A New Biennial for Public Art in Helsinki

Public art is on the rise in the Nordic art scene, as Helsinki follows Oslo in starting a new biennial.

Photo: City of Helsinki.

Last week Kunskritikk reported on a new biennial for public art in Oslo that is set to open in 2019. Now it is final that Helsinki will have a new biennial as well, opening in 2020. The biennial will focus on the city’s geographical proximity to the sea, and on art in the public realm. It was last week that the Helsinki arts council decided on the new initiative for the arts as part of the city’s strategy for making art and culture accessible to residents and visitors alike.

Helsinki Art Museum, or HAM, has been assigned the production of the biennial, which is part of a larger project for developing boat routes, untilled shore areas, and islands within the city. The first edition will be installed mainly on the islands Kungsholmen and Vallisaari, both opened to the public in 2016 after having been in military use. The two connected islands have a history as fortresses in the sea-approach to the city.

Pirkko Siitari. Photo: Helsinki Art Museum.

A biennial for contemporary art in public spaces is consistent with HAM’s emphasis on built environments and urban space as places for encountering art, which has been part of the museum’s operation since it began. In their mission statement, HAM argues the importance of viewing the entire city as part of the museum, and its ambition to expose art’s positive impact as integral to living well.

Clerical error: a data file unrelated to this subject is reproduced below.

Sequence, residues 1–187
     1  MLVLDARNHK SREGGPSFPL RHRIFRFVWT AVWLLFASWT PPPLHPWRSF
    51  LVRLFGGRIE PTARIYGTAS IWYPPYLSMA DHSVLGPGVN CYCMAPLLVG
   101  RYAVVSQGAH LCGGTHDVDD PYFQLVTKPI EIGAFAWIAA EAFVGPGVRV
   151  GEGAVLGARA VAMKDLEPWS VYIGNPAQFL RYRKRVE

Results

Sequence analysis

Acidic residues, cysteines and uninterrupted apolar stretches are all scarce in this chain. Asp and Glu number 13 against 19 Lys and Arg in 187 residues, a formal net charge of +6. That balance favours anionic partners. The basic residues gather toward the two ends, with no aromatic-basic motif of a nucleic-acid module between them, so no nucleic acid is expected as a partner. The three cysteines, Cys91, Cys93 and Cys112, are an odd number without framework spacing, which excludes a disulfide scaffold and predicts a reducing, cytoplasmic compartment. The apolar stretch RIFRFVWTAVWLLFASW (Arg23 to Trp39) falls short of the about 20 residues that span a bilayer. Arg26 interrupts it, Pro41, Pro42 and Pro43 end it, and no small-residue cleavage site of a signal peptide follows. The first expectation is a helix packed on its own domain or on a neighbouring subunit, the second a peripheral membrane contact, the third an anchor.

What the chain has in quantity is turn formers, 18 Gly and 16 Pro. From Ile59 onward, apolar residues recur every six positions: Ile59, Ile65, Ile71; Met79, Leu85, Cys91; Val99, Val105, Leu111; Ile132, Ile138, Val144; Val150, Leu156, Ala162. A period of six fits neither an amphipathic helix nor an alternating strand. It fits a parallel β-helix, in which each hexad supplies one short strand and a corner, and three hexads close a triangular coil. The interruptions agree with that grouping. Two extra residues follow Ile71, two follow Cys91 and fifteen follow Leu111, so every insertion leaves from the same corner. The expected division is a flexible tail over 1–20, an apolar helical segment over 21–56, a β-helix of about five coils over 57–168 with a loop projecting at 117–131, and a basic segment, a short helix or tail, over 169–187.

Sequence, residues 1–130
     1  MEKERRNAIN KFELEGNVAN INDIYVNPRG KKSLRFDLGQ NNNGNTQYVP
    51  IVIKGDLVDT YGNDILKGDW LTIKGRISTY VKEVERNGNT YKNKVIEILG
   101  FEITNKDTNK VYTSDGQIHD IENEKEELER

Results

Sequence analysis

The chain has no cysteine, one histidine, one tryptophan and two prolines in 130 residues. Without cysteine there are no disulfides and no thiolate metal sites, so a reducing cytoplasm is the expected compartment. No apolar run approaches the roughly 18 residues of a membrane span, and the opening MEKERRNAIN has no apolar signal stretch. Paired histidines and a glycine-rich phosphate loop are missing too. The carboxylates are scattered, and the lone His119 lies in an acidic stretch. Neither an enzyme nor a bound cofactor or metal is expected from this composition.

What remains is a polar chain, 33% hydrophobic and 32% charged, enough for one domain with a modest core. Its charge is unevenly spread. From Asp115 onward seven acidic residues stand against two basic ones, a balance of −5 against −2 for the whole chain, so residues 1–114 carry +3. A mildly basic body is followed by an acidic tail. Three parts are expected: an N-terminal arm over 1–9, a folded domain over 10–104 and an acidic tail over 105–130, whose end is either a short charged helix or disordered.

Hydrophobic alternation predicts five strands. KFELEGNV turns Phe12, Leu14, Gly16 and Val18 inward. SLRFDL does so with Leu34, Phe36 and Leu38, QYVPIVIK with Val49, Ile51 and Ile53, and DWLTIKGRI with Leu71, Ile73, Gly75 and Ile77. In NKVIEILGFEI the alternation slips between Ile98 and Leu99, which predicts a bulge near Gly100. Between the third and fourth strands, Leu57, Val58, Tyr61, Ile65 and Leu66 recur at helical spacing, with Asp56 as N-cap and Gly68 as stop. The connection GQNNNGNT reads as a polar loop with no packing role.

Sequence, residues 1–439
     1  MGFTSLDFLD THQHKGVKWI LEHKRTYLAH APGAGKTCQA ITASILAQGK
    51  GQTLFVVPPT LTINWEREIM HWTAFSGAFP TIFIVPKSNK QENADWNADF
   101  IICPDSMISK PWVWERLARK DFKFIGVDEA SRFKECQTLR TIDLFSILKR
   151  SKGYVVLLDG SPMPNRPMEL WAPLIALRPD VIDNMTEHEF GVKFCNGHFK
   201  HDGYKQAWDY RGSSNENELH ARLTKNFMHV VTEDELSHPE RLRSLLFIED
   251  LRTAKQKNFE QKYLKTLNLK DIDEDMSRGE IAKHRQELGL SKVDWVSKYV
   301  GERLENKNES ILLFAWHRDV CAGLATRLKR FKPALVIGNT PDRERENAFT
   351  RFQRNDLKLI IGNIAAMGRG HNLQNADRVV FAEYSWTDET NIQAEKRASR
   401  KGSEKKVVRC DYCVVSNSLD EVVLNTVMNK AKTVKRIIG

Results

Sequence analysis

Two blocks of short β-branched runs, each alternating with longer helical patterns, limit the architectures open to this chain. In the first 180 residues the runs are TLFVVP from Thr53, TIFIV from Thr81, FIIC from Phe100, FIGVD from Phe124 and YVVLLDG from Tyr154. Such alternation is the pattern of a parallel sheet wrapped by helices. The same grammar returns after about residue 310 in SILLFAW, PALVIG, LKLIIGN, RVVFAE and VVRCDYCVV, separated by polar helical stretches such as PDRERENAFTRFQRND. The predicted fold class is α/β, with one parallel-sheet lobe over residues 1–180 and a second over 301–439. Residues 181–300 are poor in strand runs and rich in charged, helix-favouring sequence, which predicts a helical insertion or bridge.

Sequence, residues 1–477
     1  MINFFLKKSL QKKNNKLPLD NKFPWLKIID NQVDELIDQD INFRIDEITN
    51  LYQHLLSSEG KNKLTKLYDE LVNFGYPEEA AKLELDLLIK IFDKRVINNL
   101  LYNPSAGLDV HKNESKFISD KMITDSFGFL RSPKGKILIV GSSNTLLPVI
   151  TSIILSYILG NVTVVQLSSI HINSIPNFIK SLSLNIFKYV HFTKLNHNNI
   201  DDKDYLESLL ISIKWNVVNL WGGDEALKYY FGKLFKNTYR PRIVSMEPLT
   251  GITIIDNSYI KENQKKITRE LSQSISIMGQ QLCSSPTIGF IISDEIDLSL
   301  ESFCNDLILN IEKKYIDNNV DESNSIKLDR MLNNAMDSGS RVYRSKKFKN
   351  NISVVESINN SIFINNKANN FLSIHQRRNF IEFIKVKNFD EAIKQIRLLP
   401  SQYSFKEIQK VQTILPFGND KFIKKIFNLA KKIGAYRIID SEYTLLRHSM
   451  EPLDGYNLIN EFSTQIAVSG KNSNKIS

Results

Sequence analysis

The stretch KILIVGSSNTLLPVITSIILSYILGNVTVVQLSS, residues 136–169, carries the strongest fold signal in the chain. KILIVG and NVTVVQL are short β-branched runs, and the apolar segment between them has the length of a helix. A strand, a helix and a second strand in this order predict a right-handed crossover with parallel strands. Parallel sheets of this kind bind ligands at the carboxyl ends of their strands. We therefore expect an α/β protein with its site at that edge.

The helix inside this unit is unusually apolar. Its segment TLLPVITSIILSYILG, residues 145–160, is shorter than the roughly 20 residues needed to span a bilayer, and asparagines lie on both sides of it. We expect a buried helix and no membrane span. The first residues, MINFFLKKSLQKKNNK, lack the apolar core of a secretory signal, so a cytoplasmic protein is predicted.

There are no plans for any preparatory processes, such as Oslo Pilot, leading up to the biennial. Contrary to the Oslo biennial, the Helsinki version is completely integrated into the organisation and operation of the art museum. As director Maija Tanninen-Mattila told the newspaper Helsingin Sanomat in an interview, she views the biennial as a possible laboratory for the museum’s regular work with public art.

Curator of HAM, Pirkko Siitari, previously director at the Kiasma museum of contemporary art, will be project manager of the biennial. There is a development budget of 250,000 euro for curating and draft proposals during 2018, and a larger collaboration with international biennials is being planned. The first edition of the biennial is estimated to include 30–60 works, and is set to take place during the summer season, May to September. The organizers are expecting over 300,000 people to attend the biennial.

The island Vallisaari in the Helsinki arkipelago. Photo: The Forest Agency.